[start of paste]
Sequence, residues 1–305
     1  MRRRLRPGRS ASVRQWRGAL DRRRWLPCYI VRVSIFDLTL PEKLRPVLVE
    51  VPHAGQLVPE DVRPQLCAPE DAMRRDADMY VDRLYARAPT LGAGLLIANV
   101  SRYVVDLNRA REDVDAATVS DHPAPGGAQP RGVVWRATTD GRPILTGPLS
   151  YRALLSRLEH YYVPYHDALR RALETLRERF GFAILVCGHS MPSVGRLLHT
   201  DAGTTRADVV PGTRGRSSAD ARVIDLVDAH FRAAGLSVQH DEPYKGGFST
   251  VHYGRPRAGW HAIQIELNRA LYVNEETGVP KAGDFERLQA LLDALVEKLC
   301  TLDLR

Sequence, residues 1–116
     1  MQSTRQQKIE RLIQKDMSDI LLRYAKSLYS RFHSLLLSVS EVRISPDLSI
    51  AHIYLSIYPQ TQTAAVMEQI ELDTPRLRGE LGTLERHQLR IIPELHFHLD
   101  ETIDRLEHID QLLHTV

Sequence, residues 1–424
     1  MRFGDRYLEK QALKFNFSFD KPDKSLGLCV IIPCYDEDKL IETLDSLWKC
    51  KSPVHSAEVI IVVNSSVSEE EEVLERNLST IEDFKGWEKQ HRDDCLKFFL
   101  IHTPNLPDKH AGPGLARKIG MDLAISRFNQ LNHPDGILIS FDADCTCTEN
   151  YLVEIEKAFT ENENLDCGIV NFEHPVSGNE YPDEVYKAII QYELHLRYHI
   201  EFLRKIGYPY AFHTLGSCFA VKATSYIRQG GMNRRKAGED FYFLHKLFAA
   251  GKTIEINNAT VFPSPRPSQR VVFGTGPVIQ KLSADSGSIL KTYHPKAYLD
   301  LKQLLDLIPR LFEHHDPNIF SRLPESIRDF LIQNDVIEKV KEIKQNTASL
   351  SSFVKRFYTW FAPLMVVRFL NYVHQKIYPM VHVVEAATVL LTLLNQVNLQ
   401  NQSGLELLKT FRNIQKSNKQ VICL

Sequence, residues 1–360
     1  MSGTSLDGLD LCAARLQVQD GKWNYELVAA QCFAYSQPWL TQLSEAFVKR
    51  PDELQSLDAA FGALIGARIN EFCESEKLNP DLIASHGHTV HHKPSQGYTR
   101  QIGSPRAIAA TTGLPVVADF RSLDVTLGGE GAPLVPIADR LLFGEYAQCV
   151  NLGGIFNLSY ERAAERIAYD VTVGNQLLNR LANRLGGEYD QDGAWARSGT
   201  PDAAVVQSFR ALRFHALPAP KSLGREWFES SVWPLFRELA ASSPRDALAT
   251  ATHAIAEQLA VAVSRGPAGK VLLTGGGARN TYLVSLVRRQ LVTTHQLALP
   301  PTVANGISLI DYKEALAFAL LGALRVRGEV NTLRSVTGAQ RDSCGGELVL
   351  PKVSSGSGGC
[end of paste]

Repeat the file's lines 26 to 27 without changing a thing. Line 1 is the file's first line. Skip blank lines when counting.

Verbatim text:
   101  QIGSPRAIAA TTGLPVVADF RSLDVTLGGE GAPLVPIADR LLFGEYAQCV
   151  NLGGIFNLSY ERAAERIAYD VTVGNQLLNR LANRLGGEYD QDGAWARSGT